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Andrew Spanyi

Quality Insider

How to Be a Transformational CQO

Three tactics that can overcome the obstacles of perception and complexity

Published: Thursday, December 22, 2011 - 12:27

Chief quality officers (CQO) are particularly well placed to lead a major transformational effort. Yet, few do so successfully in spite of having a vested role in operational improvement and having input into what the organization measures and monitors.

Although many CQOs do emphasize continuous improvement and systematic business practices in quality assurance and quality control, a more systemic view is needed when the CQO is intent on playing a leading role in large-scale change. The transformation-minded CQO needs to understand the key obstacles and how to overcome them.

The daunting challenges that CQOs face today include a preoccupation with short-term profits, a narrow view of quality by many executives, ensuring transparency and control, and dealing with an increasingly complex regulatory environment. Although all CQOs need to deal with these situations, the transformation-minded CQO must overcome two major obstacles: perception and complexity.

Perception hinders when senior leaders persist in viewing the CQO’s role as the chief counter of defects and the head of waste reduction. Sometimes this inference is from the behavior of a predecessor CQO who emphasized control and an inward focus above all else. The transformation-oriented CQO needs to disown the designation: master of quality reports and nonconformance expert. She needs to contribute to and at times lead the discussion on strategic direction and sustaining a focus on the customer’s experience.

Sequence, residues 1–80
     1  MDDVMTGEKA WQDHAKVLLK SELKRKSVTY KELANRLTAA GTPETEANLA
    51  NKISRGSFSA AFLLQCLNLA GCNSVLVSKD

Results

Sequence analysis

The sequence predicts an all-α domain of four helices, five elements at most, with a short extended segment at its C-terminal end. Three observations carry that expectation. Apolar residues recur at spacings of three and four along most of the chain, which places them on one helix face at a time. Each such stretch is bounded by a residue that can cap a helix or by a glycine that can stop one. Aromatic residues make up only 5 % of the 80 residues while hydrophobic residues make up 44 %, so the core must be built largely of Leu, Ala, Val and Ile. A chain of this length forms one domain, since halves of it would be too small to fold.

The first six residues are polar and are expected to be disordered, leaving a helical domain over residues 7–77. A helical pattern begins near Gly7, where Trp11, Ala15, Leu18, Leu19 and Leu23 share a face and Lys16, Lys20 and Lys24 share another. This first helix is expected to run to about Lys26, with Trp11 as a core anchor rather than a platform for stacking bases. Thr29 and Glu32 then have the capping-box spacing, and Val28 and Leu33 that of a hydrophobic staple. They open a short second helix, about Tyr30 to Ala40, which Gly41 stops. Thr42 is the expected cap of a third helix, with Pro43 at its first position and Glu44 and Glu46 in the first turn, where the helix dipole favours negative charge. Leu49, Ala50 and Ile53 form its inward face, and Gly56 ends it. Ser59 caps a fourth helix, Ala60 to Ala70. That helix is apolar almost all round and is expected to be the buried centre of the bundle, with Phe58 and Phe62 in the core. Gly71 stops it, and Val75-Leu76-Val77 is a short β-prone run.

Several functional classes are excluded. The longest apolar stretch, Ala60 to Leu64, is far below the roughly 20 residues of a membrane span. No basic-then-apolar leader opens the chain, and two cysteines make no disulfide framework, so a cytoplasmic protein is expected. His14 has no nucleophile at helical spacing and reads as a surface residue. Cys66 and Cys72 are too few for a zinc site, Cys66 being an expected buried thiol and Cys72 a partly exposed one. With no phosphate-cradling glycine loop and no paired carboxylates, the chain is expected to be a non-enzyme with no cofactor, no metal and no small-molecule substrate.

The obstacle of complexity is a combined result of the proliferation of information technology and improvement methods. It’s common to have multiple disparate systems running financial and customer-touching applications, each creating silos of relevant data. Critical customer data are available to marketing and yet not to customer service. Key production data are available to manufacturing and yet not to product development.

Corporate consolidations increase the level of complexity as processes, systems, and data sources multiply. Similarly, the codification of various improvement methods often result in multiple uncoordinated initiatives operating within the company and resulting in more quality metrics than most companies can possibly monitor. Against this backdrop, CQOs cope with standardizing reporting procedures and ensuring regulatory compliance.

How can the transformational CQO mitigate these obstacles and establish credibility outside the traditional CQO role? He needs to excel in at least the following three areas: